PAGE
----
A Change in Plans
You never know what life is going to throw at you or what you are going to be tested with. Literally and figuratively. On December 2006 I went to my family doctor for my annual check-up. As soon as my doctor walked in she told me I had a lump on my neck. I couldn’t believe it. After my appointment I went home and looked through pictures from the previous months and I could actually see the tumor sticking out of my neck. Crazy, I thought.. how did I not notice this? I then realized and understood why, when I was drinking a green tea a few weeks before my appointment, I was having difficulties. My throat was closing and I couldn’t breath very well. I just figured it was stress from exams. I guess not. It turns out the tumor on my thyroid was putting pressure on my esophagus which made it difficult to swallow and breath. Talk about adding another load of stress on top of university, work and trying to have a life.
Between January and June 2007 I went to doctors appointments, had blood work done, an ultrasound, had a radionuclide scan and fine-needle aspiration biopsy done in order to try and get some answers and find out what was going on. What is this lump on my neck? Is it cancerous? I wanted answers. Thankfully my incredible medical team gave me just that.
Although the biopsy results came back that it was benign, we decided surgery was the best option. We wanted to be sure since the tumor was a fair size. Going through all of this was not easy but by having my incredible family and friends by side made it easier. Talk about messing up my plans! I was living in a different city going to university during this time and all I wanted to do was quit and move home. I thought, hell, if I have cancer I at least want to be close to the people I love. Thankfully I had learned that life doesn’t work like that and you can’t just stop life and hide. I soon realized that there would be a change in my summer plans to work, train for my first half marathon, go to the cottage and hang out with friends and family. I was tired, stressed out and sleeping hours on end. Although I was able to run up until my surgery, I obviously had to put training on hold during my recovery.
I ran 16km the day before my first surgery on June 26th. I remember the run so clearly; I don’t know if it’s because the german shepard from the farm down the road came charging at me or because it was so hot and humid. I was determined to go in strong and come out even stronger in order for a smooth recovery. After my first surgery I was out of it and high on morphine. I remember trying to communicate to the nurse in sign language. I studied it for two years in University, she obviously didn’t though because she had no idea what I was signing haha. On the 27th I received a big smack in the face when my surgeon came bearing the news that I had Follicular variant of Papillary thyroid cancer and that I would need to have a second surgery the next day to remove the rest of the my thryoid gland. I couldn’t believe it. Get those cancer cells out of me.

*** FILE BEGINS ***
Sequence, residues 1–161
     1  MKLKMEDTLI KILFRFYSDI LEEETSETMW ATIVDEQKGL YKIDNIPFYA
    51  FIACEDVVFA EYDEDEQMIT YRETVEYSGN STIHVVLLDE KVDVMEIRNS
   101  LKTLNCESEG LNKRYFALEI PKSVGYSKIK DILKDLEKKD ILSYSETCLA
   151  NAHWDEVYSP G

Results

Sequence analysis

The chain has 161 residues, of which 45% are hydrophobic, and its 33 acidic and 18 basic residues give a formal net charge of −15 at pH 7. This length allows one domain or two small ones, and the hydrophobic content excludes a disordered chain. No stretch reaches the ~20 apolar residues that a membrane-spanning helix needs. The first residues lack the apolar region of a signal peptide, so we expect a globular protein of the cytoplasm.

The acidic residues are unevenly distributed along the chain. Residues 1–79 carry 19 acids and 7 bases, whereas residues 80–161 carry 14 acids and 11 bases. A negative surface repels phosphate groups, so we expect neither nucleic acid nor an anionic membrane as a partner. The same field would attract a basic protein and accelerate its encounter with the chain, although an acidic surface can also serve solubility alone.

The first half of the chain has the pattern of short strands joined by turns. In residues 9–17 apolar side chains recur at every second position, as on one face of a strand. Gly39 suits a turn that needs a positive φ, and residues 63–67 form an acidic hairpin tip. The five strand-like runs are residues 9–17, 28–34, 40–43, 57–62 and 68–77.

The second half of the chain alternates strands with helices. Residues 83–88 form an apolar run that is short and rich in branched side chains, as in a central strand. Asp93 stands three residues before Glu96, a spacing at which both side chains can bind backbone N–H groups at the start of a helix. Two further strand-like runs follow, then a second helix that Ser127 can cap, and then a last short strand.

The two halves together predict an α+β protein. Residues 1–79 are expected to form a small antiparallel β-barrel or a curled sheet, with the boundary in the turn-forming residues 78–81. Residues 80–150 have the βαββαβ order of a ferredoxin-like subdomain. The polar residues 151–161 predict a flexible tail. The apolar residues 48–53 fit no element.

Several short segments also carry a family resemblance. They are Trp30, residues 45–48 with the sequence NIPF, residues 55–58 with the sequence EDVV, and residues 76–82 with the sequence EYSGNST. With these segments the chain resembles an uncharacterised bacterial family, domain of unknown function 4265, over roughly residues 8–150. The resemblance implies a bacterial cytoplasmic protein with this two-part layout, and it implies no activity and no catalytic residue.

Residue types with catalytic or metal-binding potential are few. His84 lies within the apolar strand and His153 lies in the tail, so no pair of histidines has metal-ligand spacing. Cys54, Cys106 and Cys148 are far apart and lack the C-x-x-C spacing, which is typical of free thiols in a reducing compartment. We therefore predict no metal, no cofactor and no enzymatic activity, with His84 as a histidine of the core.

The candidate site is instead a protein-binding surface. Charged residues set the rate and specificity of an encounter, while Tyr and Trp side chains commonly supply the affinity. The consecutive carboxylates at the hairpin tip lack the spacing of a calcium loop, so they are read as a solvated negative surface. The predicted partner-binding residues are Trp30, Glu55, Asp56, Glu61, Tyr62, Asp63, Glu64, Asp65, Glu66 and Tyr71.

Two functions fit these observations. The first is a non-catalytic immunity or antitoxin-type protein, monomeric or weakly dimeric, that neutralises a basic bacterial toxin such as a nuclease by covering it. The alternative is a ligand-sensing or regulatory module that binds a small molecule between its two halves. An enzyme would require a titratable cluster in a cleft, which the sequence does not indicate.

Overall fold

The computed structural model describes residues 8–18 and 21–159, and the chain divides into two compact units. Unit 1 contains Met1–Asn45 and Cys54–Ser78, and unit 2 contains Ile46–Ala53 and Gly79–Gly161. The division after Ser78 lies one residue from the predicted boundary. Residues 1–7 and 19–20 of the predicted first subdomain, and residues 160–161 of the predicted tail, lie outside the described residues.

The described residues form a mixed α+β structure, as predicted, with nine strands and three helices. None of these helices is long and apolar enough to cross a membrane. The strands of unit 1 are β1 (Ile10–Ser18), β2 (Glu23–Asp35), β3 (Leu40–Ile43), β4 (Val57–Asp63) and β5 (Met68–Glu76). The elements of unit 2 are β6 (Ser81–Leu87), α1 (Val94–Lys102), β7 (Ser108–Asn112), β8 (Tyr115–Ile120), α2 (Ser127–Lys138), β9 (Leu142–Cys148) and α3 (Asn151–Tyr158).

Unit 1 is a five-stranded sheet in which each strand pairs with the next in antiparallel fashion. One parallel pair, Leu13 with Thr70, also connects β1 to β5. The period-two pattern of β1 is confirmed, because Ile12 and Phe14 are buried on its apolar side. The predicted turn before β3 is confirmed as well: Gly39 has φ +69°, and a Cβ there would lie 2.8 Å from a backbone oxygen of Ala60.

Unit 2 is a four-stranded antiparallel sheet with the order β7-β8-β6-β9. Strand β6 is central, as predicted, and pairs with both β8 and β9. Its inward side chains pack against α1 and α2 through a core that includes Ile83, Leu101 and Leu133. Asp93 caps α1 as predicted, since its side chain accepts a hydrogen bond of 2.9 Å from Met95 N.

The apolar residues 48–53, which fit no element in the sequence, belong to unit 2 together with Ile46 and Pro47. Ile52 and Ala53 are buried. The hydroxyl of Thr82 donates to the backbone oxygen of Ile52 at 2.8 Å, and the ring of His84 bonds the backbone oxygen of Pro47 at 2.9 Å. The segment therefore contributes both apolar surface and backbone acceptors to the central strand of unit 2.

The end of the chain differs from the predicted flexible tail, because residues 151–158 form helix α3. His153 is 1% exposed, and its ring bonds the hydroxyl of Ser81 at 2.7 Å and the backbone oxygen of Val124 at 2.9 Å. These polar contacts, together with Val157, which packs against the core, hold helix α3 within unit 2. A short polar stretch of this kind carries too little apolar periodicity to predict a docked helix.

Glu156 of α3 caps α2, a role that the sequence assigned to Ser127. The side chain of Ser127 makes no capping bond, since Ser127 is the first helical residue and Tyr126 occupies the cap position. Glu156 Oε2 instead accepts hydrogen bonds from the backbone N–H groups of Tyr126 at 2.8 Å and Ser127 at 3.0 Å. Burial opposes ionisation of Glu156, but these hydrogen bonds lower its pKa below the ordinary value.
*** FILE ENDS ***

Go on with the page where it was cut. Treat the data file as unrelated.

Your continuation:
I think one of the hardest parts out of it all was seeing how upset my parents and sister were. When I started to get more emotional, I knew I needed another shot of morphine and then I was good, for the time being of course. To bad I couldn’t share my morphine with them too (no, I’m not a drug addict).
A few weeks after I was discharged from hopsital I went to see my Nuclear Medicine Doctor to arrange radiation treatment. What an experience that was. After being on a low-iodine diet for fourteen days to prepare for it, I received my radioactive iodine treatment in the basement of the hospital and had to leave the hospital out the back door. Wow, this stuff must be strong. I had to be isolated as I was radioactive. Lucky for you, I don’t have any pictures to share from when my face was all puffy and swollen or of how grumpy I was for those few days in isolation.
After lots of rest, recovery and an endless amount of support from friends and family, I made it through!
For those of you that have battled the big C or know of someone who has, I’m sure you can relate when I say that although all of this happened in a fairly short amount of time, it stays with you for life. Cancer will always be a part of me and there will always be the fear of it returning. It’s just a matter of learning how to deal and manage it so you can continue on.
So there’s my story in a nutshell. Yes, I really did just say nutshell. What’s yours? I would love to hear about it!
Although this definitely wasn’t an easy breezy experience or a simple change in plans, I still fought it and won. I know that I can do anything (okay, maybe not anything but a lot, yes). This life changing experience gives me strength to run hard, eat well and live better because we only have one chance at this adventure called life!